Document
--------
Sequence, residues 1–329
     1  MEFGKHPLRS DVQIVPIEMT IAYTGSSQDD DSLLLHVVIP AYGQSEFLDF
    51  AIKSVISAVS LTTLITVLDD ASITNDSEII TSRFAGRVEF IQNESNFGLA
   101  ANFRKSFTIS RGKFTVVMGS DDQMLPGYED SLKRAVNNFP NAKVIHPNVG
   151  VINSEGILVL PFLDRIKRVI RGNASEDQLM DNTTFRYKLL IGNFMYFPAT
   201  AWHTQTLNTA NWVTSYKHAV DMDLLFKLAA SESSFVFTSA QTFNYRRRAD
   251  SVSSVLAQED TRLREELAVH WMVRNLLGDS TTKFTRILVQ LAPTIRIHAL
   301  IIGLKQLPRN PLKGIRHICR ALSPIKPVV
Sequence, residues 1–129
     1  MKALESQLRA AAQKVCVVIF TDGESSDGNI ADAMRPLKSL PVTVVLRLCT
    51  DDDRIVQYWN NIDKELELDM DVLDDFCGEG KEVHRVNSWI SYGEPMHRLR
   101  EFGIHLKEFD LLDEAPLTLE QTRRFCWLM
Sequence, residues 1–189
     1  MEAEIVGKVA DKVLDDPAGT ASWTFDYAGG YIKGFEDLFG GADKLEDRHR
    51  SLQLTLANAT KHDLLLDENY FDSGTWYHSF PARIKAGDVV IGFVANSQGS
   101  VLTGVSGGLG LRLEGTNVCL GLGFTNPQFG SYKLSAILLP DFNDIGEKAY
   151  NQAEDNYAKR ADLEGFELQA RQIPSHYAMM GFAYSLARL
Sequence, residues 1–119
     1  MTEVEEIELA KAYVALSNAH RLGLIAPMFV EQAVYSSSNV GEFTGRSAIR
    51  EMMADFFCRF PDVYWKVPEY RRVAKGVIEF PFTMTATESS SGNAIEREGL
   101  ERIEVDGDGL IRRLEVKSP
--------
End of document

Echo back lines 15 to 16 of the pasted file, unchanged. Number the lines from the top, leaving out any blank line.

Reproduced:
    51  SLQLTLANAT KHDLLLDENY FDSGTWYHSF PARIKAGDVV IGFVANSQGS
   101  VLTGVSGGLG LRLEGTNVCL GLGFTNPQFG SYKLSAILLP DFNDIGEKAY